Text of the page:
Wednesday, June 9, 2010

Hunter Joerger Teaches Me A Thing or Two

This year I mentored a student at my son's high school, Mr. Hunter Joerger, while he created his senior signature project.

In the project, Hunter illustrated his neuroscience research about the connection between brain growth and the development of identity with photographic portraits of young children. This week all the graduating seniors celebrated with a school wide party and display of their projects. Hunter's wall of photos rocked the audience. Compassionate, clear, and sensitive, his exhibition was sophisticated and riveting.

Here's my favorite quote from Hunter's paper:
"Photography can be used to examine the root of perception of identity because it can be analyzed both analytically and viscerally. And it is at the connection between the analytical and visceral that the importance of identity and the ability to perceive it can be understood."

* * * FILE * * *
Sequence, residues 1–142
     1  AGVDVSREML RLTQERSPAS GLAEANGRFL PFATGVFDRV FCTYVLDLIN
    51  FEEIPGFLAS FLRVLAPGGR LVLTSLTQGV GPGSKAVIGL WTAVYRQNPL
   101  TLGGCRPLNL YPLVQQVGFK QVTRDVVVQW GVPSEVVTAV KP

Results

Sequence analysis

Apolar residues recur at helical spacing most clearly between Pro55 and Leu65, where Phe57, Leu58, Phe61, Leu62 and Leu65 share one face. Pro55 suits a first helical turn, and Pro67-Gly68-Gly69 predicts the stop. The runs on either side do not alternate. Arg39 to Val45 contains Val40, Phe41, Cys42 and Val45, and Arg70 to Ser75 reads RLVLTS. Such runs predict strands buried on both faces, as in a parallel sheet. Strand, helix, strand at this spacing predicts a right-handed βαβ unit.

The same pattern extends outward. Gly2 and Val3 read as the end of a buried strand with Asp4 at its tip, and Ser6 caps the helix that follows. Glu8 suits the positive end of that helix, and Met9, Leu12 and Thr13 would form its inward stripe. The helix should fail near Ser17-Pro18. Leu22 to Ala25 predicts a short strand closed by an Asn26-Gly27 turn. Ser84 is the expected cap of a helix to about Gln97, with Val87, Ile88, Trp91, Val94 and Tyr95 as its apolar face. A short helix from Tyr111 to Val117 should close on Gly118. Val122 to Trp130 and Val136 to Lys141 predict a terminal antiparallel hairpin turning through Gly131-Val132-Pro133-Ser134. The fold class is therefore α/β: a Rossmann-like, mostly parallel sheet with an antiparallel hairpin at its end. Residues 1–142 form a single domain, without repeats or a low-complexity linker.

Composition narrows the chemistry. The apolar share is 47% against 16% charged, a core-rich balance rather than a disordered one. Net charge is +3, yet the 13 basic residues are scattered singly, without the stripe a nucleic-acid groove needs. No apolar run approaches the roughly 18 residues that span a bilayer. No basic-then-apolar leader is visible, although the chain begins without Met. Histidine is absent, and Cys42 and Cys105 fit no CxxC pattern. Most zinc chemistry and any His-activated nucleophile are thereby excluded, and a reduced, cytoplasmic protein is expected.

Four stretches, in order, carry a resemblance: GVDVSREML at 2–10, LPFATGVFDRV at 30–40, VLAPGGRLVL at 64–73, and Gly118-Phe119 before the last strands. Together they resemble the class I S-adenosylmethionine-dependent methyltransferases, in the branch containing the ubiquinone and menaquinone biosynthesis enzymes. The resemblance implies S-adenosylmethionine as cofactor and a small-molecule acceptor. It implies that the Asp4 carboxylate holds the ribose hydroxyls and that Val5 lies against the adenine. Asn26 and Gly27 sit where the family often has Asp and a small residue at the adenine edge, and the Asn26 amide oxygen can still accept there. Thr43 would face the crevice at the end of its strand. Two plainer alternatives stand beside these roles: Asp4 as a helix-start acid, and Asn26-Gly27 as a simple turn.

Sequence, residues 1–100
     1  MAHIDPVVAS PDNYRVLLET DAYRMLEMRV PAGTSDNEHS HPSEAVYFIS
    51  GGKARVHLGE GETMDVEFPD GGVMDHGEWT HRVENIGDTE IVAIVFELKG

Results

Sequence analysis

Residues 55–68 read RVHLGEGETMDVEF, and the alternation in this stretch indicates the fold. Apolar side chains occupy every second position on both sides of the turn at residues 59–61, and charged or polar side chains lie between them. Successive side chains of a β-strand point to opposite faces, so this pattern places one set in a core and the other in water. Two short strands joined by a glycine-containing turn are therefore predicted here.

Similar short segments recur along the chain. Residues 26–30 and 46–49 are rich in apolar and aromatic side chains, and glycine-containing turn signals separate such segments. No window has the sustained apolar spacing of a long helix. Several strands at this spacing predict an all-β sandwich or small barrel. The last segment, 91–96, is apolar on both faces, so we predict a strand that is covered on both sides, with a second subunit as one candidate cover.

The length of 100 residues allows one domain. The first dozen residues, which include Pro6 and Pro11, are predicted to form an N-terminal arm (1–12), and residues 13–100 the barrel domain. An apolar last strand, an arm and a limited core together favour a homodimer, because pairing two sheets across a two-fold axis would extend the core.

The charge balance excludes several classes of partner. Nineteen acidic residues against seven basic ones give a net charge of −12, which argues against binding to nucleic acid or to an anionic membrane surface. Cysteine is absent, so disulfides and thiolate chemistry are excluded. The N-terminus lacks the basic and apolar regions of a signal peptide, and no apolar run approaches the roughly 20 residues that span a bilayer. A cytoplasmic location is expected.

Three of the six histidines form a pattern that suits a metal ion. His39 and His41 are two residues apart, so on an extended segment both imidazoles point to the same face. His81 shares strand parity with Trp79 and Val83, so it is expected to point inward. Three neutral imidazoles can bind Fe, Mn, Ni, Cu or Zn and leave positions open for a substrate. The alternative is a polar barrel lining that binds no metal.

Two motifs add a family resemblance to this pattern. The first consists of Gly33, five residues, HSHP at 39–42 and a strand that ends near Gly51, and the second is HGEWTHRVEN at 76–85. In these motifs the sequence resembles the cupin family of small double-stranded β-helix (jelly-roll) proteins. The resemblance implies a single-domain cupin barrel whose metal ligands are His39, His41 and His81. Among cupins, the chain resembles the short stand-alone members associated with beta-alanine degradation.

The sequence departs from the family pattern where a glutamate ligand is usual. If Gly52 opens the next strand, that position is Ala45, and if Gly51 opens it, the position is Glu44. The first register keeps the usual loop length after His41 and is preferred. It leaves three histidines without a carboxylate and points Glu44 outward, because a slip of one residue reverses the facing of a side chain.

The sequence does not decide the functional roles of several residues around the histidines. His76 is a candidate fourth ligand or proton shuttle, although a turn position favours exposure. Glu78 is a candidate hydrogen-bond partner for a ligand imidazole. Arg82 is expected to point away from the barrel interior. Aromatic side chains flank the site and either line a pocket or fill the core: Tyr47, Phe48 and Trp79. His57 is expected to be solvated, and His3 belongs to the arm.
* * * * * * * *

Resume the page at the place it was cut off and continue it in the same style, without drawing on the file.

Yes, Hunter's paper taught me how the superior colliculi and thalmus collect and pass visual information and non-verbal awareness on to other parts of the brain. But Hunter himself taught me a thing or two about being an educator. Like how much more important it is to listen than talk. That it's far wiser to be patient than insistent. And that there is great benefit in allowing a flower to bloom, rather than tear the petals apart in search of color. A project develops much as the brain itself does. One lives. One learns.

Thanks for the lessons, Hunter. =]

And bravo! Toss your hat into the ring of experts. You da bomb.

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